- Employees are exposed to a number of potential hazards in the workplace such as chemicals, temperature extremes, excessive noise and falling objects.
- OSHA recommends preventing a hazard at the source of the problem by improving working practices (employee training or education).
- Personal protective equipment (PPE) protects an employee against a direct hazard, like gloves for chemical or extreme temperature contact, or earmuffs for workers exposed to extended or extreme noise.
- Employers should be aware of the OSHA standard PPE Title 29, Code of Federal Regulations [CFR] 1910.132 and should implement a PPE program.
- The program should include training and educating employees on the requirements, the use of PPE in the workplace and correct PPE use.
Related Examinetics Services
- Hearing Conservation Programs
- Respirator Clearance – Questionnaire Only
- Respirator Fit Test – Qualitative
- Respirator Fit Test – Quantitative
- Respirator Clearance
Protective Equipment Overview
Employees can be exposed to a number of potential hazards in the workplace such as chemicals, temperature extremes, excessive noise, falling objects and sharp edges. Under the General Duty Clause Section 5(a)(1) of the OSH Act, employers are required to ensure that their workers are safe from harm at their place of employment and take the necessary precautions to prevent accidents from happening. OSHA recommends that preventative measures should occur at the source of the hazard such as engineering controls, improving working practices, or administrative controls.
Protecting Your Employees
Personal protective equipment (PPE) refers to any equipment provided to employees that protects them against direct contact with a known hazard. Employees working in extreme temperatures with harmful chemicals should wear hand-protecting gloves and, where appropriate, full body suits. These items are made with specialist materials appropriate for the hazard. For example, noise reducers such as earmuffs should be worn by those working in areas of extended or extreme noise; hard hats should be worn by workers exposed to falling objects, electrical conductors or fixed objects; full face shields or goggles should be worn to avoid facial injuries or damage to the eyes from dangerous chemicals, sparks, flying objects or chippings; leg shields and safety boots provide protection against sparks, electrical hazards, molten metals and slippery surfaces; and a respirator must be worn by employees working with harmful sprays, dusts, vapors or volatile chemicals. For more information, read the excellent booklet entitled ‘Assessing the need for Personal Protective Equipment – a guide for small business employers’ by OSHA under the ‘Business Owner Briefing’ link in the adjacent panel.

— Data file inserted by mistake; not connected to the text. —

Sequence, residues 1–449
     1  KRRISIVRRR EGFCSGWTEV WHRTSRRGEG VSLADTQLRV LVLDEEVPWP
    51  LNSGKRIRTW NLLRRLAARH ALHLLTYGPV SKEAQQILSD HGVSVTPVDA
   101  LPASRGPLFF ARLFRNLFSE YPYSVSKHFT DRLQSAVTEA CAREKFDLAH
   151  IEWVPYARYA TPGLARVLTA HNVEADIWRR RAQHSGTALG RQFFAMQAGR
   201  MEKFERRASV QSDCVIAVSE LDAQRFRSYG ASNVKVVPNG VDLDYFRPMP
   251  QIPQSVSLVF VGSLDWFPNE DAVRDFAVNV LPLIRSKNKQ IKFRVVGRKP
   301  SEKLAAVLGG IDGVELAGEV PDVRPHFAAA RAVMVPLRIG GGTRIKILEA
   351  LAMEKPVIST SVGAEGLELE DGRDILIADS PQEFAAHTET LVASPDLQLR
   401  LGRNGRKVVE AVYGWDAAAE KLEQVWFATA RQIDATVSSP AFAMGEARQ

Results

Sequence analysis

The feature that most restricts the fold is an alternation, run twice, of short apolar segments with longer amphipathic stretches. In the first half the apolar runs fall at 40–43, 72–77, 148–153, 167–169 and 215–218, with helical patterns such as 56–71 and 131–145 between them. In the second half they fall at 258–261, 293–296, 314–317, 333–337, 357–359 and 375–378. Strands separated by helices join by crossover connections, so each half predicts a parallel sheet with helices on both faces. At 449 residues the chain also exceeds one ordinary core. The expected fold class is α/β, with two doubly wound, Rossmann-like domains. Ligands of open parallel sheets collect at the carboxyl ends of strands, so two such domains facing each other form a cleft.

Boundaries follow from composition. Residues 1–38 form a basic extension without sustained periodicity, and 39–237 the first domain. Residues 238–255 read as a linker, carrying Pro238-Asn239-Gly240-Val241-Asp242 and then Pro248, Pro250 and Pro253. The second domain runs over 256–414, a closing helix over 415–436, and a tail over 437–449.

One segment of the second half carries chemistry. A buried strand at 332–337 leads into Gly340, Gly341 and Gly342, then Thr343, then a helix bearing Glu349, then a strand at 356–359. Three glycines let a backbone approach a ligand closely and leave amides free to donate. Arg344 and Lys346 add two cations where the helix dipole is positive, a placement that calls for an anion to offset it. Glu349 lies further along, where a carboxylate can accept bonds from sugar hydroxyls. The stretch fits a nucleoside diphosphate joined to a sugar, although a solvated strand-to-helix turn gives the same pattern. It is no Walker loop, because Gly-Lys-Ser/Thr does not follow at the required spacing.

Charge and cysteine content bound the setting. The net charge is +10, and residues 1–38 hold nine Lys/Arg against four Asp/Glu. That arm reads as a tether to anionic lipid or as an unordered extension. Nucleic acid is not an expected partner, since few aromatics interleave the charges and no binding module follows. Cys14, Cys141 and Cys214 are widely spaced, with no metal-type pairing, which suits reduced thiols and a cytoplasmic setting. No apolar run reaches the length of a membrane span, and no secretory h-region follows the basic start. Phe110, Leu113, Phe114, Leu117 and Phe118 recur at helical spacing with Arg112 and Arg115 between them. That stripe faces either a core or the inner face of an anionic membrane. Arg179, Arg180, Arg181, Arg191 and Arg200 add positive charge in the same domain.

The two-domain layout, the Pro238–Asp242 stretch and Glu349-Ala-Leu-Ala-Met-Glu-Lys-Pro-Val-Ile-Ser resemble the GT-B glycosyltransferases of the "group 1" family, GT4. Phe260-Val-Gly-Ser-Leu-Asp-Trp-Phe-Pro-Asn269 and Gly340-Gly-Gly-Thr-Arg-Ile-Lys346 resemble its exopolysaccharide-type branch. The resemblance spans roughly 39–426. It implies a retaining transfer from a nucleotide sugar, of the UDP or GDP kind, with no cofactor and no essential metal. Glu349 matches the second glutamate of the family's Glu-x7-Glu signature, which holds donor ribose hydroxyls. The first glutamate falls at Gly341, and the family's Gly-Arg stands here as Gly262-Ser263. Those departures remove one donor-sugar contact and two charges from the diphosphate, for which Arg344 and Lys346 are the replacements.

The OSHA standard ‘PPE Title 29, Code of Federal Regulations [CFR] 1910.132’ requires employers, after undertaking a ‘hazard assessment’ of the workplace, to implement an effective PPE program. The program should outline the measures that will be taken to try to control the hazard at its source (eg. engineering administrative or work practice controls). Once those options have been exhausted, the relevant PPE should be identified for those still exposed to any hazards. Employees should also be provided with training and education in relation to the need for PPE and how to use PPE effectively.
OSHA Safety and Health Topic: Personal Protective Equipment
U.S. Department of Labor Occupational Safety and Health Administration
National Institute for Occupational Safety and Health
Chemical Protective Clothing and Ensembles – NPPTL/NIOSH topic page
Business Owner Briefing
Assessing the need for Personal Protective Equipment – a guide for small business employers (OSHA)
Medical Director Review
Effects of thermal environment and chemical protective clothing on work tolerance, physiological responses, and subjective ratings (Ergonomics. 1991) – PubMed Result